Now that Cisco Systems has killed off its ATM switch for the core of enterprise and service provider WANs, the company's plans for this segment of the market are unclear.
Cisco is banking on increased sales of WAN switching gear to enterprises and service providers to drive the company's growth. But this week's news that Cisco discontinued development of its core WAN switch and delayed another enterprise switch for a year indicates that success for Cisco in this market may be more challenging than expected.
Analysts, competitors and other Cisco watchers say the company's long-term WAN switching strategy for enterprises and service providers is still unfocused three years after Cisco's $4 billion acquisition of StrataCom. They say Cisco has shipped only one new WAN switching platform since it acquired StrataCom -- the MGX 8850 IP/ATM edge switch, which is shipping in limited volume.
Other platforms are merely upgrades of existing StrataCom architectures. And Cisco has lost market share in frame relay WAN switching since acquiring StrataCom, according to Vertical Systems Group of Massachusetts.
"In frame switching they've decreased because [Ascend's Cascade switches] got developed and rolled out," says Rosemary Cochran, principal at Vertical Systems Group.
Cisco rebuffed repeated requests from Network World this week for interviews with company executives on the state of its WAN switching business. Cisco did, however, respond to queries from other publications regarding this topic as those publications contacted IDG for commentary.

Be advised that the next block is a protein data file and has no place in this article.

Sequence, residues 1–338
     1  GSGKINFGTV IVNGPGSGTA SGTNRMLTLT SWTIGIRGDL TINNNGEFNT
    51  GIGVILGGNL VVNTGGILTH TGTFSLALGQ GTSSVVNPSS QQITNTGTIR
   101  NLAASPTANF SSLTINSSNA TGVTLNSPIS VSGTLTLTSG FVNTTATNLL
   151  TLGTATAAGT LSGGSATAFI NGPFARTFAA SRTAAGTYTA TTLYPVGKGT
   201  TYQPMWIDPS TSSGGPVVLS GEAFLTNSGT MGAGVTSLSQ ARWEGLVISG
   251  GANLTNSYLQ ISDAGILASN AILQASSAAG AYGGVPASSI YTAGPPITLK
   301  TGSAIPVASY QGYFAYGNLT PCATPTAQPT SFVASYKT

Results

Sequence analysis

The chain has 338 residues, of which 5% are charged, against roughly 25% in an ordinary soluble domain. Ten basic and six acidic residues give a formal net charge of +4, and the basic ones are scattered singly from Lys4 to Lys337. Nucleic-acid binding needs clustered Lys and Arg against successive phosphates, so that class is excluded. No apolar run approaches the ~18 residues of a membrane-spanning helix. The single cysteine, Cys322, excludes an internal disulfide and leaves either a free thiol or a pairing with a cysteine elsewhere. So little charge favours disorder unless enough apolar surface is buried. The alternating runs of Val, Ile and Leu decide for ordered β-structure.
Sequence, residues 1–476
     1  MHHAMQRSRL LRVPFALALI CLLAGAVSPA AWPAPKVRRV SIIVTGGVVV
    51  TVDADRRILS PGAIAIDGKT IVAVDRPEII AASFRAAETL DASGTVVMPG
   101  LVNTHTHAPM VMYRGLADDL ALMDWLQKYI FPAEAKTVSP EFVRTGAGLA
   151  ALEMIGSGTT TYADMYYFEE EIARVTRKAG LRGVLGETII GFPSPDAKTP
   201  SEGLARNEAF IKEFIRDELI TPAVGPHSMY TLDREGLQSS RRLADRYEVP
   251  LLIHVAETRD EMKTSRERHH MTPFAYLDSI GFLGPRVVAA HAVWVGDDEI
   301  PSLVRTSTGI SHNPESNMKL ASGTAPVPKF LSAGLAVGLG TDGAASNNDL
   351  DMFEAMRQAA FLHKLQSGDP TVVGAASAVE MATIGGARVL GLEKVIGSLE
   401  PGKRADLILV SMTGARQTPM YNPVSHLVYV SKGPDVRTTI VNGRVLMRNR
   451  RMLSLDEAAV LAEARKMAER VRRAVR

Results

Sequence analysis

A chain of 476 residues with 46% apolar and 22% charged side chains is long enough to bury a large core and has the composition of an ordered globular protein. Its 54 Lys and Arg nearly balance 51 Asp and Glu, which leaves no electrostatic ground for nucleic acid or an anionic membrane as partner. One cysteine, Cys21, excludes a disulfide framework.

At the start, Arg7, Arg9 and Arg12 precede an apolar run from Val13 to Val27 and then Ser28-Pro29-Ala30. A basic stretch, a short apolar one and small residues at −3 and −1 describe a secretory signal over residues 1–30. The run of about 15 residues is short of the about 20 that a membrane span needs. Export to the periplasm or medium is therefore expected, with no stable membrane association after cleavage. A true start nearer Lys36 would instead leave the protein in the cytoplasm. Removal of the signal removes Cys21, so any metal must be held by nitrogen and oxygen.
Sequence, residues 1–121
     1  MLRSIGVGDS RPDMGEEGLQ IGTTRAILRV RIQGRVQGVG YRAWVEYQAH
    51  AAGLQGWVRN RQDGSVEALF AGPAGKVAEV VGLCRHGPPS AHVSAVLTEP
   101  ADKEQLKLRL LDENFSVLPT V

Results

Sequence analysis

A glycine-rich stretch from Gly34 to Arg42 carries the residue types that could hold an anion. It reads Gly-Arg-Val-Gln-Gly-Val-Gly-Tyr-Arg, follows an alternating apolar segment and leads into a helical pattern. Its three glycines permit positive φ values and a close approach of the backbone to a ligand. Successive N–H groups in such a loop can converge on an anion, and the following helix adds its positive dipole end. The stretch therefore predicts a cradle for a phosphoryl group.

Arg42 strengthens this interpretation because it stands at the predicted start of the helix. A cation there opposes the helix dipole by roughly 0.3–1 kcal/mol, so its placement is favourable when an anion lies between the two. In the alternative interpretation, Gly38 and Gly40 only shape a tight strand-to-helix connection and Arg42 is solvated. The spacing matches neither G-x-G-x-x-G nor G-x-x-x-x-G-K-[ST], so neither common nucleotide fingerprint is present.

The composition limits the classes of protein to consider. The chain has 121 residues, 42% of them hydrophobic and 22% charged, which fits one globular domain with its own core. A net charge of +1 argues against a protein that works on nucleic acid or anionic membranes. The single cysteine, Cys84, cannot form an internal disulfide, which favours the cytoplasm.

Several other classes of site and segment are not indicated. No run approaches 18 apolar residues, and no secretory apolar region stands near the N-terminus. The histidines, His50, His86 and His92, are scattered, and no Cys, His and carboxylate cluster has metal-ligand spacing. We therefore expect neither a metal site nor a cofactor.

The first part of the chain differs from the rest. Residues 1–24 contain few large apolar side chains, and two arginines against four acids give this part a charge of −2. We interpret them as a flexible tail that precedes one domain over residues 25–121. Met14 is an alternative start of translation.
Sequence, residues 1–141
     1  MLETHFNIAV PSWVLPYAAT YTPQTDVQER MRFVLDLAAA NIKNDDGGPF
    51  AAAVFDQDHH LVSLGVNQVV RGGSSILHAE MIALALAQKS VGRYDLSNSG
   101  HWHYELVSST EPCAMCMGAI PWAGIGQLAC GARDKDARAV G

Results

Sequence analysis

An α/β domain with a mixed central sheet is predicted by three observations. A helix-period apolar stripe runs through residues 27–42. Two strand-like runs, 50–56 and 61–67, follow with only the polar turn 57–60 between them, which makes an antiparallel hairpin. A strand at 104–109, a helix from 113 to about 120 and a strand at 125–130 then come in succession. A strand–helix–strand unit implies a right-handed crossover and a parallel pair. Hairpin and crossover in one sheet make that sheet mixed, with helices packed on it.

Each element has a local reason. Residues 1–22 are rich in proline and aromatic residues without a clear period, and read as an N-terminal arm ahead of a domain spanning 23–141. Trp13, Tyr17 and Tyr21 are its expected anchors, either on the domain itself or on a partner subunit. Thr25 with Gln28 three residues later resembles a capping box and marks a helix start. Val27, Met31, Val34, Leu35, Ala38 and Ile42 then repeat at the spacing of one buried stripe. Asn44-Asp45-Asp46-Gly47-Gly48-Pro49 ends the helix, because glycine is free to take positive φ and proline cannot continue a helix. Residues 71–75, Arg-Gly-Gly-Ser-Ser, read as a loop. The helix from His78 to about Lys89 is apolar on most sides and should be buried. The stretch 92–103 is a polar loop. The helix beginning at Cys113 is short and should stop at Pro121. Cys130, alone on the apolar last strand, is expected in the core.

Among the questions swirling around Cisco's WAN switching business are these:
What is Cisco's strategic core WAN switch?
Is Cisco truly "agnostic" when it comes to IP and ATM technologies for the WAN?
How has Cisco benefited from its StrataCom acquisition?
Does Cisco still have -- or has it ever had -- a strategy for WAN switching at the edge and core of enterprise and service provider networks?
The death of the 20Gbps TGX 8750 seems to leave Cisco without a core IP/ATM WAN switch to challenge offerings from Ascend, Newbridge and Nortel and with a gaping hole in its "end-to-end" voice/data system story. From a short-term revenue standpoint, that may not be disastrous because Cisco has said in the past that the revenue potential at the edge of the network is 15 times that of the core.
But longer term, a lack of presence in the core may mean a lack of customer lock-in and the additional hardware and software revenue that comes with it.